Monday, March 14, 2011

IRS Still Auditing Executive Compensation

Over a year ago, the IRS announced that it was stepping up its audit program with respect to executive compensation. Frankly, any activity at all would have been a step up. For the majority of the time since we have had an income tax (and therefore an Internal Revenue Code) in the US, audits of executive compensation have been virtually nonexistent. Why? The biggest reason is that there have not been a whole lot of rules. Number two on the list is that the IRS has not chosen to place its resources there.

For many who are fortunate enough to be the beneficiaries of executive [levels] of compensation, the good news is that most are still not getting audited. However, with the interplay of Code Sections 83 (constructive receipt and the economic benefit doctrine plus some other related stuff), 162(m) (the million dollar pay cap), 409A (taxing people to death when they mess up their deferred compensation programs), and 3121(v) (FICA tax on deferred compensation), the IRS has plenty of things to audit. Surprisingly, at least to this writer, we're finding that they are catching people on some fairly tricky applications of the law.

Notably, I've seen or heard of multiple people getting dinged on these infractions:

  • Stock awards that vest at a retirement date, causing constructive receipt under Section 83
  • Linked retirement plans where the offset from the qualified plan is not well enough specified, causing a 409A violation
  • Failure to pay FICA tax on deferred compensation that employers didn't realize technically was deferred compensation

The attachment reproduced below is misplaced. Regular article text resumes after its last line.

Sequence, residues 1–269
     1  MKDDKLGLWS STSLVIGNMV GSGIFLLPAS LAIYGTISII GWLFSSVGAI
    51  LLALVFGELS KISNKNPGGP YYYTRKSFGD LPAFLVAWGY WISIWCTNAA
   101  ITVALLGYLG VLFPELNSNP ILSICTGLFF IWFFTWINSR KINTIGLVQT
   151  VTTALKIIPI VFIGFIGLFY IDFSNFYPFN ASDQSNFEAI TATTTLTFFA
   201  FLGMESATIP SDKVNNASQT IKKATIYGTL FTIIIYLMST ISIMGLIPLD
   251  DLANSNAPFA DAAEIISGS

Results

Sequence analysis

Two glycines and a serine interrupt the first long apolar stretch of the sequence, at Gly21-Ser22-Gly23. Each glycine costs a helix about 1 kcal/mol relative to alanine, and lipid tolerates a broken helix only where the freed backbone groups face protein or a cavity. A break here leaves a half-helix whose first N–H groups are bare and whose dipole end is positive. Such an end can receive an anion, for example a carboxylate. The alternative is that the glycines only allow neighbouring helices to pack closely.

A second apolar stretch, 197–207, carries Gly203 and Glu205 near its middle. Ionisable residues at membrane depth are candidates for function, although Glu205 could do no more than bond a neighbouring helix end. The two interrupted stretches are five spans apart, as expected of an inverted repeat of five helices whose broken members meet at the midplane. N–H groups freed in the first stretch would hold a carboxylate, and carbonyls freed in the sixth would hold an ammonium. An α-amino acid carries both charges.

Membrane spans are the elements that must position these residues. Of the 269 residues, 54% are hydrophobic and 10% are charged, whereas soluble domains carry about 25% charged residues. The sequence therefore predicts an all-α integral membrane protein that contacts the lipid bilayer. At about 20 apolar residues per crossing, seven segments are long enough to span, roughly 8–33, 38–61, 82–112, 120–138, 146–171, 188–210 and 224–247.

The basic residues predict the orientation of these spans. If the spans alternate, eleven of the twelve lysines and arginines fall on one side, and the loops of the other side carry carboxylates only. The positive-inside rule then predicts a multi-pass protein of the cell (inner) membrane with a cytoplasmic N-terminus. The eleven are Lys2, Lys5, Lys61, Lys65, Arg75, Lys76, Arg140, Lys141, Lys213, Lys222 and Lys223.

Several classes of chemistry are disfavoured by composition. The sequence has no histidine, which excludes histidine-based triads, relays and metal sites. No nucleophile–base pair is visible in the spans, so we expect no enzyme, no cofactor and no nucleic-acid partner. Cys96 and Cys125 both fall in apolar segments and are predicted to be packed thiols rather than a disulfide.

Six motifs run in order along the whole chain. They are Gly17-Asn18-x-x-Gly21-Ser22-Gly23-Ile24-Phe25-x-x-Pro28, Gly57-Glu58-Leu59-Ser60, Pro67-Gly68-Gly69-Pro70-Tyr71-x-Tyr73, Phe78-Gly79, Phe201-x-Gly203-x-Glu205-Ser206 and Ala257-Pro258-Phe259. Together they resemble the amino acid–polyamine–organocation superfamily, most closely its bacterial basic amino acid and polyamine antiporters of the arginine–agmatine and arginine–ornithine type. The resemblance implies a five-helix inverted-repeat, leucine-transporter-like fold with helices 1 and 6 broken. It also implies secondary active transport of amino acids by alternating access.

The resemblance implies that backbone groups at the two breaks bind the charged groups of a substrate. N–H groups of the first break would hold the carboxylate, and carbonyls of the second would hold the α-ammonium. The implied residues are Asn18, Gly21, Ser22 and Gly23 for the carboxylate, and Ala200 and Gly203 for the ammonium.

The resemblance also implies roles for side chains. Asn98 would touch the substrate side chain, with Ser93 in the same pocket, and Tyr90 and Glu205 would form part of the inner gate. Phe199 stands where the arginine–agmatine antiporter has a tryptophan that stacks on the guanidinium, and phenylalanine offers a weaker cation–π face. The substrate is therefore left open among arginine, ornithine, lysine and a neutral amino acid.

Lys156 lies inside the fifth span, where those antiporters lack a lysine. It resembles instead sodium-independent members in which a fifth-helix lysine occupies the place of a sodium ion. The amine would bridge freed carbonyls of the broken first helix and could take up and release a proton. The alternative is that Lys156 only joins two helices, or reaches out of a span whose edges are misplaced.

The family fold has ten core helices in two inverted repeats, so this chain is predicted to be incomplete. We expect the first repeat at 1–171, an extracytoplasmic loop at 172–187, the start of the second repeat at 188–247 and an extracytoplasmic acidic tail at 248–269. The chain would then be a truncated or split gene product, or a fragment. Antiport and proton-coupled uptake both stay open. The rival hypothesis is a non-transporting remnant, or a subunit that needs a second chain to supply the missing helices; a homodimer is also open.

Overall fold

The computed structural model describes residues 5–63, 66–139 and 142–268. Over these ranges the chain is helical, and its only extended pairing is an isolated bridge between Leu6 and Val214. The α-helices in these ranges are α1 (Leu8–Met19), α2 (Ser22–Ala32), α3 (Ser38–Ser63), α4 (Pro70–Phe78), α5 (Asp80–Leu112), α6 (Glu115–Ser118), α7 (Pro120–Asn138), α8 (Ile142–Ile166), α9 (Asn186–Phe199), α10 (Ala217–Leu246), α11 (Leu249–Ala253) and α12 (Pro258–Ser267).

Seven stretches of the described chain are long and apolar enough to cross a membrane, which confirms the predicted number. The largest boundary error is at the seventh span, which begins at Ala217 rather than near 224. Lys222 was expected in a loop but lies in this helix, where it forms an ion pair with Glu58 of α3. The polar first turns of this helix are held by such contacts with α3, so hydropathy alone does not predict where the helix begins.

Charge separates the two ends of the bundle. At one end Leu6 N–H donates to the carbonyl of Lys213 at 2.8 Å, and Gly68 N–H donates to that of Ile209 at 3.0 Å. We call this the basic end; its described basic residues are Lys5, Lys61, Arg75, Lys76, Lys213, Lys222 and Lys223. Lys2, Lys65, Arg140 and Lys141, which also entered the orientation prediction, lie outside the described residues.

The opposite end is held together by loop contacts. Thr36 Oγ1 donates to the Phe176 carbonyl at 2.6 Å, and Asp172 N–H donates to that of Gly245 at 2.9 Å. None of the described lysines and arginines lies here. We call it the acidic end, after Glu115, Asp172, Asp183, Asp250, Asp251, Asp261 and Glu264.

• Improperly constructed performance pay plans that run afoul of 162(m) by not qualifying as performance pay
  • Severance pay plans that did not have a 6-month payment delay for specified employees because they looked like broad-based plans. The fact that the compensation considered exceeded the pay cap (401(a)(17)) caused the problem.
  • A 409A plan having a plan document that specifies for one set of administrative procedures, but the plan being administered the way it always was before someone wrote a document without bothering to check to see how it was being administered.
There are more, plenty more. There are a few ways that you can handle this.
  • Do nothing and play audit roulette.
  • Have your documents reviewed by someone other than the person who wrote them (the person who wrote them will read what they intended even if nobody else reads it that way).
  • Have your administrative processes reviewed by someone who is not your administrator, but has experience with the administration of nonqualified deferred compensation plans.
  • If you find problems, take corrective action. The IRS has been nice enough to give us corrective methods that lessen or eliminate the additional tax burden, but only if you fix them before the IRS catches you.

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